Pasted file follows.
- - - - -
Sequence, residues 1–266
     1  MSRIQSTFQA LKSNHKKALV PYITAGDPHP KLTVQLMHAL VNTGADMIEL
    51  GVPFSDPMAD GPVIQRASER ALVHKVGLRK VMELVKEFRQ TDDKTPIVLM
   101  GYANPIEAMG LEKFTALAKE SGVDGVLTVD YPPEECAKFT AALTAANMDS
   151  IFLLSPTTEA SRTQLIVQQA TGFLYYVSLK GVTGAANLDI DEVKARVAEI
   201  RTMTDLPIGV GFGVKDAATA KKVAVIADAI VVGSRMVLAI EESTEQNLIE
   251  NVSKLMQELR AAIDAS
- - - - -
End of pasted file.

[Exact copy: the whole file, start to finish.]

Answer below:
Sequence, residues 1–266
     1  MSRIQSTFQA LKSNHKKALV PYITAGDPHP KLTVQLMHAL VNTGADMIEL
    51  GVPFSDPMAD GPVIQRASER ALVHKVGLRK VMELVKEFRQ TDDKTPIVLM
   101  GYANPIEAMG LEKFTALAKE SGVDGVLTVD YPPEECAKFT AALTAANMDS
   151  IFLLSPTTEA SRTQLIVQQA TGFLYYVSLK GVTGAANLDI DEVKARVAEI
   201  RTMTDLPIGV GFGVKDAATA KKVAVIADAI VVGSRMVLAI EESTEQNLIE
   251  NVSKLMQELR AAIDAS